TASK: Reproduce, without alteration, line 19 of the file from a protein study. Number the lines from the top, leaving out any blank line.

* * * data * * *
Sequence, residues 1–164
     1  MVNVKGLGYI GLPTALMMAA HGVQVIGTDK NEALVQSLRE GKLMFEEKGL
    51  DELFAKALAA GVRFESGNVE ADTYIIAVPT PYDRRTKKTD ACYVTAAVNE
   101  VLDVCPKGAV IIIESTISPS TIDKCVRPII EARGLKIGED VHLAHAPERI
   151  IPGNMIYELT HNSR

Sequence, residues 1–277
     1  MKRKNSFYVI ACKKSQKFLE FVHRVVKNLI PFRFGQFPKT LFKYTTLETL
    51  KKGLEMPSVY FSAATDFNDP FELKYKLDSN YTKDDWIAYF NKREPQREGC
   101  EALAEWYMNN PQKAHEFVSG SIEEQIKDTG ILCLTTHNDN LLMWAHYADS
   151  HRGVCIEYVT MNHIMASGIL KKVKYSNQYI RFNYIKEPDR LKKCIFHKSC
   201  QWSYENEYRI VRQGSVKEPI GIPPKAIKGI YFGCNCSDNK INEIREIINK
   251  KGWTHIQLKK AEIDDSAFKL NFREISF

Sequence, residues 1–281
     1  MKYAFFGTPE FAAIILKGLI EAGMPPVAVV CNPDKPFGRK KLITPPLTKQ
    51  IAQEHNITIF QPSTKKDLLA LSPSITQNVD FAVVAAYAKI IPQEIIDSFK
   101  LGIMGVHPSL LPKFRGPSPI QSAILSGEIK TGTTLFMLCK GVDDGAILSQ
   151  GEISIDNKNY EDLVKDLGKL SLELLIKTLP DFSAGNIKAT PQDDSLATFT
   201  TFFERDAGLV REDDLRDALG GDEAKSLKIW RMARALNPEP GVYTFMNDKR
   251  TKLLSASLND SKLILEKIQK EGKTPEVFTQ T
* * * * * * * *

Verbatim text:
   251  TKLLSASLND SKLILEKIQK EGKTPEVFTQ T